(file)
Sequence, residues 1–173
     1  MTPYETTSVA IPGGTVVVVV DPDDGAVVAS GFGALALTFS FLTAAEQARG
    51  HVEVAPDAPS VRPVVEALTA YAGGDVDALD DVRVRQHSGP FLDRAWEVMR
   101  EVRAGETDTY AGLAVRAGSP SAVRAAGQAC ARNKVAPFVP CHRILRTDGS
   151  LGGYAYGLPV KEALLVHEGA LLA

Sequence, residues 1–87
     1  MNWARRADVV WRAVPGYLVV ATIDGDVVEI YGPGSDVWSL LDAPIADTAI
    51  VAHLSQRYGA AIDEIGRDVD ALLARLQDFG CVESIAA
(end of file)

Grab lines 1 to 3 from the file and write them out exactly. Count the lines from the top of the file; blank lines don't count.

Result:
Sequence, residues 1–173
     1  MTPYETTSVA IPGGTVVVVV DPDDGAVVAS GFGALALTFS FLTAAEQARG
    51  HVEVAPDAPS VRPVVEALTA YAGGDVDALD DVRVRQHSGP FLDRAWEVMR